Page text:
• Undiagnosed illnesses and medically unexplained chronic multisymptom illnesses that may include abnormal weight loss, cardiovascular problems, fatigue, headaches, joint and muscle pain, menstrual disorders, neurological and psychological problems, respiratory problems, skin problems, and sleep disturbances
  • Infectious diseases (e.g., Malaria, Brucellosis, Campylobacter Jejuni, Coxiella Burnetti/Q Fever, Mycobacterium Tuberculosis, Nontyphoid Salmonella, Shigella, Visceral Leishmaniasis, West Nile Virus).
    • The infectious diseases listed above have different requirements for timing of onset:
      • The following must have become manifest to a degree of 10% or more within one year from the date of separation from a qualifying period of service: Brucellosis, Campylobacter Jejuni, Coxiella Burnetti/Q Fever, Nontyphoid Salmonella, Shigella, West Nile Virus
      • Malaria must have become manifest to a degree of 10% or more within one year from the date of separation from a qualifying period of service OR at a time when standard or accepted treatises indicate that the incubation period commenced during a qualifying period of service.
      • Visceral Leishmaniasis and tuberculosis do not have a time limit for when they have to become manifest to a degree of 10% or more.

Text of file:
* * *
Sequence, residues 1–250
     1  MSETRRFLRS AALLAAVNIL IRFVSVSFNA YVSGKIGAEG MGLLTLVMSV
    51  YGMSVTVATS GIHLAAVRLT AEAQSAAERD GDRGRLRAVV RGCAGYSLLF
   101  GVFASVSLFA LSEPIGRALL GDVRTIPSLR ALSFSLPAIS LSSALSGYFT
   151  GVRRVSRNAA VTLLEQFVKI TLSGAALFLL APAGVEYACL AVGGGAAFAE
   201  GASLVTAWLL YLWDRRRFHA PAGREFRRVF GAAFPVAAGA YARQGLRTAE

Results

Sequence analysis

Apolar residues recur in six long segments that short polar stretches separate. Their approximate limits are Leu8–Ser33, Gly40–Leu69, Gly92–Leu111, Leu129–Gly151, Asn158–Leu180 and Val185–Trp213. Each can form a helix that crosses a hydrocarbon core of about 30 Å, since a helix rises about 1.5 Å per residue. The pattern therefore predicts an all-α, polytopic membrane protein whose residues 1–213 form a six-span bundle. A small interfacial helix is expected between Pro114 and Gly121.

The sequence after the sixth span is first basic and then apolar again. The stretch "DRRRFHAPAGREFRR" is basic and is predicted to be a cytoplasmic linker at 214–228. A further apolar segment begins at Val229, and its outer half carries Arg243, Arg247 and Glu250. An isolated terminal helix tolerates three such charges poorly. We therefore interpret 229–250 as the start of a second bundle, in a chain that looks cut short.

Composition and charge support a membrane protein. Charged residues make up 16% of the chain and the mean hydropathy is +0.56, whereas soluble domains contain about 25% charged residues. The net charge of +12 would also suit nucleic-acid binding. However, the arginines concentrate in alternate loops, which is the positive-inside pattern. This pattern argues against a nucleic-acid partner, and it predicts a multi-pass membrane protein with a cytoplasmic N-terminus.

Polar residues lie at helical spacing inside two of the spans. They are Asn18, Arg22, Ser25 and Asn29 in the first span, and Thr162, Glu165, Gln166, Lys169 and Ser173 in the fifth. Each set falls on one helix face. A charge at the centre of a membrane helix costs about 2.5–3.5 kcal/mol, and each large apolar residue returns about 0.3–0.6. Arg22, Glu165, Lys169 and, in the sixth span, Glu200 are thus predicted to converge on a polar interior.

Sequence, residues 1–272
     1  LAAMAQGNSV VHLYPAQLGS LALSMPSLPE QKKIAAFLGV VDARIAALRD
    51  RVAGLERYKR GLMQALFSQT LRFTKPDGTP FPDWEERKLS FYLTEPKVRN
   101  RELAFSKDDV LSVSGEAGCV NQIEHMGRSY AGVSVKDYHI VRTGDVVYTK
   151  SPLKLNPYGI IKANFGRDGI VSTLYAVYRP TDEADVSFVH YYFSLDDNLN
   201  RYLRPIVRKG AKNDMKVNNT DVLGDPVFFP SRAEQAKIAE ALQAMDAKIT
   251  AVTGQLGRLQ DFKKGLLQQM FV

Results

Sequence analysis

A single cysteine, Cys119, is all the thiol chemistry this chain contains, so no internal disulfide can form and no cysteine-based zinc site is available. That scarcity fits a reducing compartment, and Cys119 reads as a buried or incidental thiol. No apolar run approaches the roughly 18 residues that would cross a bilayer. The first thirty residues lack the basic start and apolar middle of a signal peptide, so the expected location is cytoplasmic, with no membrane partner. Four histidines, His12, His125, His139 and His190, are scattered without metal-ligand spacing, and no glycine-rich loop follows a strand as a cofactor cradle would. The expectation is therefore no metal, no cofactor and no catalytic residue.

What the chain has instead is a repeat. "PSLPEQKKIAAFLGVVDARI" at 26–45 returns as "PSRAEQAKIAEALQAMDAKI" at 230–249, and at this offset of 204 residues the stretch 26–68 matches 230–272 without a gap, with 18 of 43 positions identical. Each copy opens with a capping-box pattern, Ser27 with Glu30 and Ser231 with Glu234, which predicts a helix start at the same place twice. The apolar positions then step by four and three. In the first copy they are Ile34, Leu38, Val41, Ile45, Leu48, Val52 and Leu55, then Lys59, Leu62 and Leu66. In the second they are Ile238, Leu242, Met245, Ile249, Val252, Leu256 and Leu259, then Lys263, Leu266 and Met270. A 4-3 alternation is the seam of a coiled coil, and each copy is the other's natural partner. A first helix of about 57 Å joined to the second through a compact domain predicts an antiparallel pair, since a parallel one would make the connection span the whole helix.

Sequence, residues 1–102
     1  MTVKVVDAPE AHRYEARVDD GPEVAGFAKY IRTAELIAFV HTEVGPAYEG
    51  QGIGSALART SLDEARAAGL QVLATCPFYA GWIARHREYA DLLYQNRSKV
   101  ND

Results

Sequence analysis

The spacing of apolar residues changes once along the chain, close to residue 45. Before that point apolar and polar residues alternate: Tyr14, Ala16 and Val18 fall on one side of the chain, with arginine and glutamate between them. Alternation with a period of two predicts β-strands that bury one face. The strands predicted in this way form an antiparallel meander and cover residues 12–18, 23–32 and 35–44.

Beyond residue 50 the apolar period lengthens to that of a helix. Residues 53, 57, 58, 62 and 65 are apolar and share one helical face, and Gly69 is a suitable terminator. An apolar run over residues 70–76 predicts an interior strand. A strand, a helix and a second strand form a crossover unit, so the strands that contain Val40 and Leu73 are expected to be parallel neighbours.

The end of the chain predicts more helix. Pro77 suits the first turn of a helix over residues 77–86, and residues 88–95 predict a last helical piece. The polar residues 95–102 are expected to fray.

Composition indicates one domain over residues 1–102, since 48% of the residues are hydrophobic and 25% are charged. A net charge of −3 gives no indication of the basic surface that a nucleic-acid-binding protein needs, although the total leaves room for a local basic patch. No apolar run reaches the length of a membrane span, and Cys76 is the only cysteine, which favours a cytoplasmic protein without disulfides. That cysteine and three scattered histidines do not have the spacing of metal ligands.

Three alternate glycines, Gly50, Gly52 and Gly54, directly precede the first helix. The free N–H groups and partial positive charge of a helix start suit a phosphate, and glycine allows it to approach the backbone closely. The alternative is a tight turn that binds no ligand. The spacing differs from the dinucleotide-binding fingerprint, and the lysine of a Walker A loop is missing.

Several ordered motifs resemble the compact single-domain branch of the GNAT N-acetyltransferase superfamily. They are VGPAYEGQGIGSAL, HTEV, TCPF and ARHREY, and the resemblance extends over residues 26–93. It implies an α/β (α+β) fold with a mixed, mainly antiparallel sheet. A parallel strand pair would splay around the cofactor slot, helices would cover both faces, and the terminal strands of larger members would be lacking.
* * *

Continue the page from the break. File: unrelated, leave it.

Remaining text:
• In addition to the Southwest Asia theater of operations locations listed above, active military, naval, or air serviced on or after September 19, 2001, in Afghanistan also qualifies for these infectious disease presumptions.

Compensation will not be paid for an undiagnosed illness, a medically unexplained chronic multisymptom illness or infection disease in the following circumstances:

  • There is affirmative evidence that the disability or disease was not incurred during a qualifying period of service;
  • There is affirmative evidence that the disability or disease was caused by a supervening condition or event that occurred between the veteran’s most recent departure from a qualifying period of service and the onset of the disability or disease; or
  • There is affirmative evidence that the disability or disease is the result of the veteran’s own willful misconduct or the abuse of alcohol or drugs. ,

VA Offers a Free Health Exam to Find Potential Related Illnesses

VA offers qualifying veterans a free health exam to determine whether they suffer from any illnesses related to Gulf War Syndrome.

To schedule an exam, contact your local VA Environmental Health Exam Coordinator.

This exam is not required to obtain disability benefits.

Gulf War Syndrome and Burn Pit Illness Are Not the Same Thing

Many people confuse Gulf War Syndrome and burn pit illnesses because they are associated with the same area of service. While symptoms may overlap, the conditions and their causes are different.

Learn more about burn pit illnesses here.

Getting Benefits for Gulf War Syndrome Is Difficult

If VA denied your claim, do not lose hope. While the odds can seem stacked against you, you do not need to handle this process alone.

A veterans’ disability lawyer can help you build a compelling appeal for Gulf War Syndrome veterans’ benefits. Get veterans’ disability legal help today: (888) 392-5392. The consultation is free.*